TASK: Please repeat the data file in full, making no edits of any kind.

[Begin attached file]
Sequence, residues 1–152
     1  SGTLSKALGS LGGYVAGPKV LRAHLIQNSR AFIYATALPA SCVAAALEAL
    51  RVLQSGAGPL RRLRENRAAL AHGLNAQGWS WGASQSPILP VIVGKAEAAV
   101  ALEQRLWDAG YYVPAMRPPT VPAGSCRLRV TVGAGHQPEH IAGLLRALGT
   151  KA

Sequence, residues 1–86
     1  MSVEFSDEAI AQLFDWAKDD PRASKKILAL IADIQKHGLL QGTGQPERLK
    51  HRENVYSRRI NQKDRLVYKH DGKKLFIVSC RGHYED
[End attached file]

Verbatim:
Sequence, residues 1–152
     1  SGTLSKALGS LGGYVAGPKV LRAHLIQNSR AFIYATALPA SCVAAALEAL
    51  RVLQSGAGPL RRLRENRAAL AHGLNAQGWS WGASQSPILP VIVGKAEAAV
   101  ALEQRLWDAG YYVPAMRPPT VPAGSCRLRV TVGAGHQPEH IAGLLRALGT
   151  KA

Sequence, residues 1–86
     1  MSVEFSDEAI AQLFDWAKDD PRASKKILAL IADIQKHGLL QGTGQPERLK
    51  HRENVYSRRI NQKDRLVYKH DGKKLFIVSC RGHYED